US Senate Rejects Democrats on Documents, Witnesses in Trump Impeachment Trial


The Republican-majority US Senate has blocked attempts by Democrats to obtain evidence and call witnesses in President Donald Trump’s impeachment trial, a sign that the process could advance on lines favorable to Trump.

The “organizing resolution” proposed by Senate Republican Leader Mitch McConnell was passed along party lines by a vote of 53-47 on Wednesday.

After more than 12 hours of debate, the US Senate voted to approve the Republican plan for the rules governing the impeachment trial.

The Senate also rejected 11 amendments presented by the Democrats.

Trump was impeached last month by the Democratic-led House of Representatives on charges of abuse of power and obstruction of Congress.

The Republican president is accused of pressuring Ukraine to investigate former Democratic Vice President Joe Biden, a political rival, and then impeding the inquiry into the matter.

Trump denies any wrongdoing and describes his impeachment as a Democratic hoax that aims to upset his 2020 re-election effort.

Democratic Representative Adam Schiff, who led the House impeachment probe against Trump, said the president had committed “constitutional misconduct justifying impeachment.”

Democratic lawmakers have slammed the rules of impeachment announced by Senate Republicans, saying the process is “rigged” and different from the impeachment of former Democratic President Bill Clinton.

These are the next phases in Trump’s impeachment trial, just the third of a president in US history:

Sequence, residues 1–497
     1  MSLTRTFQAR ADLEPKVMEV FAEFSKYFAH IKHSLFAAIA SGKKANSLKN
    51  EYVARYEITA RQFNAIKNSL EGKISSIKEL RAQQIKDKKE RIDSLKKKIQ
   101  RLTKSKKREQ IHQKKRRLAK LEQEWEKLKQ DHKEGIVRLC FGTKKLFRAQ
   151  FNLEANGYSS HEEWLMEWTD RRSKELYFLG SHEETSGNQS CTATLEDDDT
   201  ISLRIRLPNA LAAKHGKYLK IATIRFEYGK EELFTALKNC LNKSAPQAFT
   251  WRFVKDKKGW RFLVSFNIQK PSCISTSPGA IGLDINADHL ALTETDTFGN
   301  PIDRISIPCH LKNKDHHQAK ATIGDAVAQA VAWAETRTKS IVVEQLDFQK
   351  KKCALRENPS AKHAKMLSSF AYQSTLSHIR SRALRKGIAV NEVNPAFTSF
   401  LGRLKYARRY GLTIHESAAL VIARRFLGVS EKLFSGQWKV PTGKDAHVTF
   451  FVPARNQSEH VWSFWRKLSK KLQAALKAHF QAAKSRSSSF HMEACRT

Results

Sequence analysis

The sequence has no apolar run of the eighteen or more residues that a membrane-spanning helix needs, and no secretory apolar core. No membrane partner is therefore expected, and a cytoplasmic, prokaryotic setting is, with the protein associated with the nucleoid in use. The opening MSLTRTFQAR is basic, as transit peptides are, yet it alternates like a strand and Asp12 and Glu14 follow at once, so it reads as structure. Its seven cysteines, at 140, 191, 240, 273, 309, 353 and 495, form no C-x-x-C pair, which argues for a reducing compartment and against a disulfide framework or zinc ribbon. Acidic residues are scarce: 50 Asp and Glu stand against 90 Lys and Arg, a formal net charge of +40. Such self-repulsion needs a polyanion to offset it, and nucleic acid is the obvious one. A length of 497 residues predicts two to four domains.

The Democratic members of the House of Representatives chosen to present the impeachment case against Trump will deliver opening arguments to the Senate beginning on Wednesday.

They will have a total of 24 hours over three days to present their case that Trump should be impeached for abuse of power and obstruction of Congress over his attempt to pressure Ukraine to investigate Joe Biden, one of his main political rivals.

Written questions

Senators will have a total of 16 hours to ask questions in writing to House prosecutors or the White House defense team. The written questions from the senators will be read out loud in the chamber by US Supreme Court Chief Justice John Roberts, who is presiding over the trial.

Witnesses and documents

House prosecutors and the White House defense team will have two hours each to argue for or against subpoenaing witnesses or documents. The Senate will then vote on whether any witnesses or documents should be subpoenaed. A simple majority vote of 51 senators will decide the issue.

Senate vote

Following the conclusion of deliberations, the Senate will vote on each of the two articles of impeachment. A two-thirds majority of the senators present is required for conviction. Conviction on just a single article is enough to remove Trump from office.

The Senate vote could possibly be held late next week – head of Trump’s planned February 4 appearance before a joint session of Congress for the annual State of the Union speech.


Source: Press TV

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